Computing Magazine

6 Steps to Updating Your Website

Posted on the 29 January 2014 by Discerningdigital @DigiDiscern

Part 1: How to Plan and Prepare Your Website Update

You don’t need us to tell you how important your website is for your business. A great website generates leads, delivers an engaging customer experience and is one of the most powerful tools at your disposal to support your business goals.

However, great websites require time and investment and as new technologies advance at an incredible pace, the look and functionality of your website can age quickly.

We understand the pressure to stay ahead of the curve and exceed the expectations of your customers can be immense, so we’re running a six-part mini series here on the Discerning Digital blog to guide you through the thinking, planning and delivery of a website upgrade.


This week we’re focusing on planning and preparation to get you started.

Define The Endgame

This is a crucial starting point; without defining why you are undertaking this work and what you want to achieve, how will you know if it is a success? You’ll need to ask tough questions of stakeholders and get detailed answers.

A site refresh or redesign should be informed by your overall marketing or sales plan. How many leads are you expecting to generate, how many visitors will you need and how many sales do you want to achieve? A good trick is to ask yourself what success will look like in a year's time; do you want to generate a certain percentage of leads or want to sell directly through the site?

Once you've done that thinking, the next step is to consider what systems you might need to support these aims. Choosing a marketing software solution will help you automate processes and monitor and analyze results; however, be mindful when thinking about new systems. Consider how they need to integrate with your CRM, Salesforce, order processing, shipping and commerce systems and your customer support services. The last thing you want to do is invest in a new software solution, only to find it needs specialist technical help to work within your current setup.

Understand Your Customers

Apologies if we’re stating the obvious here, but any website redesign or upgrade must be geared towards creating an experience your customers not only want, but love.

Embarking on a new website often highlights a range of wider questions for your business. Define what you want to say, to whom, when and why. If you haven’t done so already, create buyer personas to give you a fictional profile of your ideal customer, composed of demographic information, as well as common goals and concerns.

Conduct some research by sending out questionnaires to your current customer base to get some data-driven insights. Call your customers and survey prospects for a balanced perspective. Building your personas based on these insights will tell you whether your site is delivering the right information and experience.

Grow Your Knowledge and Confidence

We’ve discovered there is commonly an expectation that the person or team responsible for updating the website knows how to make fundamental changes to the website, however it’s entirely possible this same team or person has never been professionally trained in such a complex project.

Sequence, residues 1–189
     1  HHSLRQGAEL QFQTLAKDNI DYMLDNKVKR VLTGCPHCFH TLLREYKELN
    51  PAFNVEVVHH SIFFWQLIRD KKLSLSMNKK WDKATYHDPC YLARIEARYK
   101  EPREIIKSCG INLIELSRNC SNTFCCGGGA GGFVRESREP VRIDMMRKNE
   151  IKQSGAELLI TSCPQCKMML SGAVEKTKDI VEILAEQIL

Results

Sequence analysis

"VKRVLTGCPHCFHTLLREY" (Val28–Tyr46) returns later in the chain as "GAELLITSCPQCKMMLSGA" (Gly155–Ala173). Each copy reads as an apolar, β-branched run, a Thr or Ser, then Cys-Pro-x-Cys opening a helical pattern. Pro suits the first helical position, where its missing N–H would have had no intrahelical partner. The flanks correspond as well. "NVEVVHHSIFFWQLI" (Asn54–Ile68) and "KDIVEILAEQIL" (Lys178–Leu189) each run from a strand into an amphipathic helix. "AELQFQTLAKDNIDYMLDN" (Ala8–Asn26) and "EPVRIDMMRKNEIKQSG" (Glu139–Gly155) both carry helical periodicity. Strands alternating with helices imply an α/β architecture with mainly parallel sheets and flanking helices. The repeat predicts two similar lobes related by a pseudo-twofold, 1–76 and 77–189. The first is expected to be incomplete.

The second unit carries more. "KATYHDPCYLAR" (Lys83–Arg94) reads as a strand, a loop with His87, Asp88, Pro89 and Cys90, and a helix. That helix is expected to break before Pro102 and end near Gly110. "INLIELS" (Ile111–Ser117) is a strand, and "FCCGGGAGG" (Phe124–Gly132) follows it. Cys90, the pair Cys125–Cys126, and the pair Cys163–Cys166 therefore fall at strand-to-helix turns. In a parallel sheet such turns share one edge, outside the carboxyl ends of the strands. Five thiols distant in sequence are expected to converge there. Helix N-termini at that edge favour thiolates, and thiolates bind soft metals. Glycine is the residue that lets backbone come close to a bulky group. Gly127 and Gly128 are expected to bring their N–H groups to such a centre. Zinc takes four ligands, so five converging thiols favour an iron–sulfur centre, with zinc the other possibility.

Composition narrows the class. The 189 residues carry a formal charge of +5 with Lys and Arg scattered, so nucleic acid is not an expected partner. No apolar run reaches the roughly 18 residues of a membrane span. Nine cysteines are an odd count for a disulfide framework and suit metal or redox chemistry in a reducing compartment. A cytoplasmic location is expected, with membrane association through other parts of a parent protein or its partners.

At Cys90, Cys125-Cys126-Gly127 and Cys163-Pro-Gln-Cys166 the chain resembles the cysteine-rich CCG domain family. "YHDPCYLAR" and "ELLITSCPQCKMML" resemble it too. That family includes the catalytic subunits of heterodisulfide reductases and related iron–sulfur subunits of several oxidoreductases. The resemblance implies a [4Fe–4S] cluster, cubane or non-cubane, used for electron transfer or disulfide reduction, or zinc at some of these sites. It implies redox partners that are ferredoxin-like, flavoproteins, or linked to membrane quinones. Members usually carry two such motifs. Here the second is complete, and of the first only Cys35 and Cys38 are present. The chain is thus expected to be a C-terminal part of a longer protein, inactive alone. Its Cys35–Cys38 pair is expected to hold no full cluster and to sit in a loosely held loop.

If this sounds familiar, identify any training needs and trade information with people in your business or industry that have been through similar experiences. You may even want to join an industry body or professional group and consider collaborating with a mentor who can help.

Fitting in training and the overall project management of a new website as well as your day job can be a tall order, so explore what resource you can gather from across the business, or what external suppliers or partners can help you plan and deliver your website.


Assuming you are the project owner, you will be expected to steer the ship and provide clear guidance to a range of people and personality types, from project start to finish.

Identify your stakeholders early on, the people you will need to lead or deliver the work and the people who will need to be kept informed of important milestones. Think about holding regular meetings and updates to keep the project on track and communicate regularly and clearly.

In our experience, it is best to over-prepare but over-complicating or poorly communicating your goals could impede your progress so try to find a balance between detailed and inclusive. We would go so far as to suggest that a massive 50% of your planning and preparation should be reserved for how you communicate your plan to the people you need to make it happen.

In our next post, we’ll be making some practical suggestions for tools and processes to help you.

Next Week

We hope you found this post useful for considering how to approach what is a very important project with common pitfalls across all types of business. Next week we’ll be looking at what’s practically involved in a website upgrade and arming you with the information you’ll need, so check back then for part two.

Have you planned a complex website update? What were your challenges?

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